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3 Buildings Making The Most Creative Use Of Space In Their City Neighborhoods

New York

There are normal buildings, and then there are ones whose use of space go above and beyond in inventiveness and purpose. If commercial real estate brokers and other CRE professionals want to dream big for their clients, they will do well by checking out these three buildings making the most creative use of the spaces in the neighborhoods they occupy.

1. The MCA Denver 


In 1996, the philanthropist Sue Cannon and a number of Denver inhabitants financed the establishment of the Museum of Contemporary Art Denver. The museum lived in what used to be an old fish market in Sakura Square until 2003, when MCA board of trustees members Mark Falcone and Ellen Bruss donated land in Platte Valley for the MCA to build its own original home. The building opened in 2007, 11 years after its tenant’s unorthodox founding.

British architect David Adjaye designed a 27K SF rectangular edifice with an exterior of black glass, meant to fit squarely on the corner of 15th and Delgany streets in an already-crowded district. The structure is specifically designed to reduce the boundaries between the museum’s galleries and the city beyond the walls, peppered with interior skylights and enormous windows to create a seamless visual transition between Denver and its art.

The MCA's penthouse features a somewhat hidden ramp opening onto a sliding door that leads into the museum. Adjaye also designed a complementary townhouse building for Bruss and Falcone’s personal use.

2. The LAB Miami


One of Miami’s favorite office buildings is nestled in the heart of the city’s Wynwood Arts District. Originally conceived in 2012 as a way to give the neighborhood’s artistic and entrepreneurial personalities a professional space of their own, the LAB is the result of a 10K SF warehouse conversion into a collaborative event venue and office space. Startups and individual artists alike can obtain memberships to join a community focused on helping new engineers, entrepreneurs and designers to build relationships with established mentors and businesses.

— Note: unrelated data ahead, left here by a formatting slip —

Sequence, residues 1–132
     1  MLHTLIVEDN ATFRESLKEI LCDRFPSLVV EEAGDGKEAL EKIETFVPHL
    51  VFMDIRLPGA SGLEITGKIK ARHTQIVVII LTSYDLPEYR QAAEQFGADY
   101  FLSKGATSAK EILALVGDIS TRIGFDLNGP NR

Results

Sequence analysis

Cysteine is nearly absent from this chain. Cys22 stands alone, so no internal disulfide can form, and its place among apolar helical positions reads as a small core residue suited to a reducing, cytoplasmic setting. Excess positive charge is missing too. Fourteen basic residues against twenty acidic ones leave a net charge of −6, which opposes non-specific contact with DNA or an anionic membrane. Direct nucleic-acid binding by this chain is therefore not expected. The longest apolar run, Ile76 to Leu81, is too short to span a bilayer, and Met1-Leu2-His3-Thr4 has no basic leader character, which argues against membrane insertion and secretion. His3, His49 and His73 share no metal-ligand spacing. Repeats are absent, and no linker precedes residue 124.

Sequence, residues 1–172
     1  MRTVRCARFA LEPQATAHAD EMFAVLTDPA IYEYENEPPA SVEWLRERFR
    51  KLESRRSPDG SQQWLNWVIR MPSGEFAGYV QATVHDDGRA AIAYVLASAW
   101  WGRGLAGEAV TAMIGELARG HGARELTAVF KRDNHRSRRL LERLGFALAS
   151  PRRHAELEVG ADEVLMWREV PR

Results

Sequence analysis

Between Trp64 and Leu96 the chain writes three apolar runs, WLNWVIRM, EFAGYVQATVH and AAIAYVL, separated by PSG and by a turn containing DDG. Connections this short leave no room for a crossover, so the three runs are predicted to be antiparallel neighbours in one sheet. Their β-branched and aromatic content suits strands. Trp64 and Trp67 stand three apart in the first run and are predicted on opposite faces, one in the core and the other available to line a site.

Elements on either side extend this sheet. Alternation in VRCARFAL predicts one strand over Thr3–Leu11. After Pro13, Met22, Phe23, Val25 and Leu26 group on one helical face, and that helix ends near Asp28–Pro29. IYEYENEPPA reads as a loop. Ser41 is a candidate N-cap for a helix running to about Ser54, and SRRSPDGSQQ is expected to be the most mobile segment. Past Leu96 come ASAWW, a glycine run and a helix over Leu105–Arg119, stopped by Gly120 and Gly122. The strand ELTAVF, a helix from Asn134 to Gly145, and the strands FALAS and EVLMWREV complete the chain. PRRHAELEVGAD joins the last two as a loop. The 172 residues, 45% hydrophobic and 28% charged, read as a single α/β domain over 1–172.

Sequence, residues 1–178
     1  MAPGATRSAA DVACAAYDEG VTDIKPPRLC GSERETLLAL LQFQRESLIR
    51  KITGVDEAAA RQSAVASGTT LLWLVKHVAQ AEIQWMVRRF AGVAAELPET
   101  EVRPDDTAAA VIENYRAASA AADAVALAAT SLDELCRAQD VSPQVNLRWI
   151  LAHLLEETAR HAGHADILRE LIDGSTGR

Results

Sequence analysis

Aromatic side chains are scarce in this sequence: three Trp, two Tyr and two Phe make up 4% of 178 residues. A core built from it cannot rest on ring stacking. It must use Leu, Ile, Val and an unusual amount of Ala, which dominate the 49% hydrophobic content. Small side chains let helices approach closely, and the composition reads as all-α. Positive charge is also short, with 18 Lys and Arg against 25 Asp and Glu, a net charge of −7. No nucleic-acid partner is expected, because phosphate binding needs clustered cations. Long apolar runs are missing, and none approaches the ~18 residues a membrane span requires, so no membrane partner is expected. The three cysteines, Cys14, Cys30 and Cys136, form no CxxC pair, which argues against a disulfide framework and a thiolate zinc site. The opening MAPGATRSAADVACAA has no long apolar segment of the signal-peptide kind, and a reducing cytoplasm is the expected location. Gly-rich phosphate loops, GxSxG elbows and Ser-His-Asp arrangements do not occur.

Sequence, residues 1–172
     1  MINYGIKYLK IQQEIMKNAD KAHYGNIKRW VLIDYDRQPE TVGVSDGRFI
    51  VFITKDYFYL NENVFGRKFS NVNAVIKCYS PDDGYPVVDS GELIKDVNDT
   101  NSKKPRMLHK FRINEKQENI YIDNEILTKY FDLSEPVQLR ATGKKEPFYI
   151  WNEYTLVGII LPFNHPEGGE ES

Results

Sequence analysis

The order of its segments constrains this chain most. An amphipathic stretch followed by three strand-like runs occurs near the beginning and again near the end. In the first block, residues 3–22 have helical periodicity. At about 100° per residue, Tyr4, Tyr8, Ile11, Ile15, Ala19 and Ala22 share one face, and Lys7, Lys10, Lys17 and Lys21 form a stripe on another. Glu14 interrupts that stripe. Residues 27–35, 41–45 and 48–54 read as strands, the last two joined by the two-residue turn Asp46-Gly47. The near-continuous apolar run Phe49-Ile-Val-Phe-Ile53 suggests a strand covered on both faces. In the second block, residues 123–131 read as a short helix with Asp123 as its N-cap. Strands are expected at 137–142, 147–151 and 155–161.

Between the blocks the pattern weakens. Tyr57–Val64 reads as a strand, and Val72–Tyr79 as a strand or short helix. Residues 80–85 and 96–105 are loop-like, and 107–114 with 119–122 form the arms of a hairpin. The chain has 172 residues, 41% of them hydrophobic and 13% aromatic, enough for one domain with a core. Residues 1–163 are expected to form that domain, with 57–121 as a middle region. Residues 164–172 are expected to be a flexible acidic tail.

The LAB, which stands for "Learn Act Build," has since attracted a WeWork and numerous large organizations, workshops and events. Its meeting rooms are decked out with AV technology, there is campus-wide WiFi and a choice between private offices, personal desks or community space for any member company or individual.

3) Gallery 37 Center for the Arts, Chicago

The Downtown Chicago skyline

In 1991, Maggie Daley and Lois Weisberg of Chicago’s Department of Cultural Affairs created the Gallery 37 job training program in conjunction with the city’s After School Matters organization. The goal was to provide teenagers and young adults the opportunity to take on paid apprenticeships with established Chicago artists through summer, spring and fall programs after school. The program still exists in partnership with many of the city’s public schools in the Center for the Arts building.

The most noteworthy part of the edifice, however, is the Gallery 37 retail store, located in the Center’s Loop neighborhood. The store hosts artwork and media for sale by these very same young Chicagoan artists. The center’s location on 66 East Randolph St. allows visitors to the building the chance to simultaneously interact with and support the work of many of the city’s budding young artists, dancers and painters.

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